If something is going in the wrong direction, the worst thing you can do is to “make it better.”
Ok, “Build Back Better” Is better than “MAGA,” but I think it misses the point. What’s the point? That’s the question.
How can we tell when we are moving in the right direction? The “we” here is the American
Empire. “Empire” may not be the right word, but it’s certainly closer to the truth than using the word “nation.” In a sense, when the 13 colonies (nations) joined together we could have said they formed an American Empire, something like the British Empire, only at the beginning of its domination of land and people. Now that we have military bases in 150 countries, control of territories from Guam to Puerto Rico, and are largely dominated by investors rather than citizens, naming us a “nation” is as nostalgic as naming a financial giant “Wells Fargo.”
The image of the Titanic does seem appropriate. We can change the chairs, maybe even improve the conditions in the boiler rooms, but it’s still heading toward destruction.
The fact is that we should not try to get back on course, we need to change course. Not all at once. The ship will sink. No, we need to change carefully and with resolve from a climate of injustice to a climate of justice—a climate created by care and empathy, and also by a rigorous dismantling of white supremacy and arrogance. Empathy is not enough. It may be necessary and make us feel better, but it will not make us feel different.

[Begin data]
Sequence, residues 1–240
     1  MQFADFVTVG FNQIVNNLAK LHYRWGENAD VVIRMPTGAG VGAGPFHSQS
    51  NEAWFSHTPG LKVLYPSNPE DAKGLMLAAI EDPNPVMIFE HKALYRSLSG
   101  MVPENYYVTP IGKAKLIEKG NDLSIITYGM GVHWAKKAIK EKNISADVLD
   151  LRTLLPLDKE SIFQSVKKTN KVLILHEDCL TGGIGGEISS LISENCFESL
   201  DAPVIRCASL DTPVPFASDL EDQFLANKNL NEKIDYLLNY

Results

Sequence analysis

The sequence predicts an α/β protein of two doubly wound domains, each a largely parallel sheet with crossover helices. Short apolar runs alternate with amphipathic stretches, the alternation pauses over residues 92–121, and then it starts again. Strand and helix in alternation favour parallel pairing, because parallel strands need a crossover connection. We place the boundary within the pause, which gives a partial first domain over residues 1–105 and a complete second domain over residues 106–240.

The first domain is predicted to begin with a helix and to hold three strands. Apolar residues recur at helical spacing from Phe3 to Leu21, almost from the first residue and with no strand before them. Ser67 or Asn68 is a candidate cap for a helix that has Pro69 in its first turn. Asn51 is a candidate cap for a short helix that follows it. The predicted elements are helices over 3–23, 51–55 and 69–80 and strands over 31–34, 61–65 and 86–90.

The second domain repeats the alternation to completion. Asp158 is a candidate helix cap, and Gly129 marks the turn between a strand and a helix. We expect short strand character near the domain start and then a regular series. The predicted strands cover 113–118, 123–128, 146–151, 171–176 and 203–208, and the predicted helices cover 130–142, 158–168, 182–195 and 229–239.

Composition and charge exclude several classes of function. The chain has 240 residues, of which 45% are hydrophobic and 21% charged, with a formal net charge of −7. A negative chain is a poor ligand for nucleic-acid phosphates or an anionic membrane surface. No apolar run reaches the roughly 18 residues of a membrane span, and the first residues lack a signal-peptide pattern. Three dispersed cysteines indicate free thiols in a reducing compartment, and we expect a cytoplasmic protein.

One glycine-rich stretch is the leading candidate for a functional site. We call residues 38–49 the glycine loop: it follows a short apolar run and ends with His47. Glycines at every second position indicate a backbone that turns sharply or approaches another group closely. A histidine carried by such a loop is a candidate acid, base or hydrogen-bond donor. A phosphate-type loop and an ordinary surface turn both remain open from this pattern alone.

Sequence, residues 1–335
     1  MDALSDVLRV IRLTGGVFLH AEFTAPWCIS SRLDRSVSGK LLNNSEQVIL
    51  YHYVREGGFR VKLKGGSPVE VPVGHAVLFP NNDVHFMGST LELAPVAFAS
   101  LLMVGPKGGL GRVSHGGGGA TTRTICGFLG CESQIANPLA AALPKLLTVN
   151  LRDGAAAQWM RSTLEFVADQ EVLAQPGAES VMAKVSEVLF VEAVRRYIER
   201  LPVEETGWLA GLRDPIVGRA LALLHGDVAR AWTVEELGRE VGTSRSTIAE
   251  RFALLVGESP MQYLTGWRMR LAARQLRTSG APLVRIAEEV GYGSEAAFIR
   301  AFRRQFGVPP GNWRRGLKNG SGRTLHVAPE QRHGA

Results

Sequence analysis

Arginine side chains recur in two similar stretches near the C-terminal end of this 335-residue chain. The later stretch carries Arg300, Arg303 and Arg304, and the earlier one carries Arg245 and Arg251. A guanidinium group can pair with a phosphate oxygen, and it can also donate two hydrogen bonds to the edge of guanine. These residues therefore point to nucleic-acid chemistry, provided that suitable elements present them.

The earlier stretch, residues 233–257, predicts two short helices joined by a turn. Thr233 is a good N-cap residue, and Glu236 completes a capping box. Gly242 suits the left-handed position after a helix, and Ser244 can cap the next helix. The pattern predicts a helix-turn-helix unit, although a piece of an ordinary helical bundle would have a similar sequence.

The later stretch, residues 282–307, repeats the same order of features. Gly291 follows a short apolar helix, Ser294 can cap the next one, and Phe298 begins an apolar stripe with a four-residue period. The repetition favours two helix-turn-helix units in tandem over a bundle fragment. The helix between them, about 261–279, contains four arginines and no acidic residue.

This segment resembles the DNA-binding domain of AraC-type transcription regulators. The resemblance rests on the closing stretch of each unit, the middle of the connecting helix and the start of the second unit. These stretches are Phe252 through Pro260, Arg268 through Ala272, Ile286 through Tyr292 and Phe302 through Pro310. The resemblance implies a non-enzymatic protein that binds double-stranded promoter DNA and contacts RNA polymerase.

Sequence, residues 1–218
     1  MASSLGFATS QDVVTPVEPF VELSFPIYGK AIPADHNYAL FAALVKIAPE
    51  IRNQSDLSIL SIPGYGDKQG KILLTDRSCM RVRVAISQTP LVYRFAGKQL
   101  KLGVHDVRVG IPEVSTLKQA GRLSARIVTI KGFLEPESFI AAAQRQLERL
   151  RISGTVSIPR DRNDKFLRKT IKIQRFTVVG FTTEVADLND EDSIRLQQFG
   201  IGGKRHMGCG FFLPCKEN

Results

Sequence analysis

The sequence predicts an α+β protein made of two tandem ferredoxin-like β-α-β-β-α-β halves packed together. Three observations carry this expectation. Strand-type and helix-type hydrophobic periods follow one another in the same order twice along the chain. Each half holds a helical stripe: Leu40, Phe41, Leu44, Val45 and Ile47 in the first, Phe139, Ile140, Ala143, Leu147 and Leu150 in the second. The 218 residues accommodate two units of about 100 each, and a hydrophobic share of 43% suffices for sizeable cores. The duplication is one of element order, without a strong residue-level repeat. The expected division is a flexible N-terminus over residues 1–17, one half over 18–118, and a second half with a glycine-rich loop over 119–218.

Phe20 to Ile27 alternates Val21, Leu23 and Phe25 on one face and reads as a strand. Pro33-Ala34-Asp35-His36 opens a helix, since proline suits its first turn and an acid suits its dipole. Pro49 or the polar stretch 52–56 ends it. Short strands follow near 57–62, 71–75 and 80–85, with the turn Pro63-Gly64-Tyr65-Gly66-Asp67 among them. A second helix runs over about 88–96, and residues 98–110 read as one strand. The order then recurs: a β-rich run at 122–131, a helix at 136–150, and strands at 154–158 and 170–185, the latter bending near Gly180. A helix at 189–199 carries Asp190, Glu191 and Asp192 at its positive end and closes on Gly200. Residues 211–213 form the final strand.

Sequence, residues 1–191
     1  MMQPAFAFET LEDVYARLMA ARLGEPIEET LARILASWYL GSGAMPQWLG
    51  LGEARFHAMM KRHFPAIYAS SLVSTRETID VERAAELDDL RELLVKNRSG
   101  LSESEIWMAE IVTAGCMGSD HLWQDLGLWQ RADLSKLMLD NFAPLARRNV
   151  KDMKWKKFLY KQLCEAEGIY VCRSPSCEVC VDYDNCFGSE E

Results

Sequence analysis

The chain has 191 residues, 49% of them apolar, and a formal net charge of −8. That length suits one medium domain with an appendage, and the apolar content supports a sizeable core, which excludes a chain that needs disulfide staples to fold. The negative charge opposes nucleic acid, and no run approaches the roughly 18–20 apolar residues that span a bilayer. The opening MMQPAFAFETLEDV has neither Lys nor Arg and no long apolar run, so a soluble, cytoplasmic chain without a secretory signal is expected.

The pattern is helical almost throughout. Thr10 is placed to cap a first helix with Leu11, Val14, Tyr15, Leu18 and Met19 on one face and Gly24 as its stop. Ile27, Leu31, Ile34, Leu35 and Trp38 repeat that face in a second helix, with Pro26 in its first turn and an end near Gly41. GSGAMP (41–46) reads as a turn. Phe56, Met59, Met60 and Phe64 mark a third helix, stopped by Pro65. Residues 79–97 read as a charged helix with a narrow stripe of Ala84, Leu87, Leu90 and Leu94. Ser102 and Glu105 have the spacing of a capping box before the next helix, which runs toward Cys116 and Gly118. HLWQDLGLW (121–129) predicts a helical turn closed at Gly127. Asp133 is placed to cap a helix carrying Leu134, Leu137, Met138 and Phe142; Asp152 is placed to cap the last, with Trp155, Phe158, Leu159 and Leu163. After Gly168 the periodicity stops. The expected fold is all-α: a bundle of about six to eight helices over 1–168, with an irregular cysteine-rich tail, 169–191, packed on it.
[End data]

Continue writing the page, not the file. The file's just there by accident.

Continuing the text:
Perhaps the tragedy of the covid pandemic can help us here. White men, like myself, were and are not immune from the virus. We are all vulnerable. Trump’s arrogance toward the virus showcased the problem. All the families who have lost loved ones could show us the solution. The point here is to follow the lead of the vulnerable and those caring for them.
In her book, An Indigenous People’s History of the United States, Roxanne Dunbar-Ortiz points out that a central element of our war strategy from the Indian wars to the present has been to kill civilians. One can remember the massacres of Sand Creek and Wounded Knee, or dropping atomic bombs on Hiroshima and Nagasaki, or the 2 million civilians that were killed in Vietnam, or the police’s treatment of civilians in the United States. If we think carefully, we now know that we are all civilians, and that some of have resources to help and protect others.
What’s the point? The point is that we could be different if we let civilians give us a hand in turning the ship toward a safe harbor.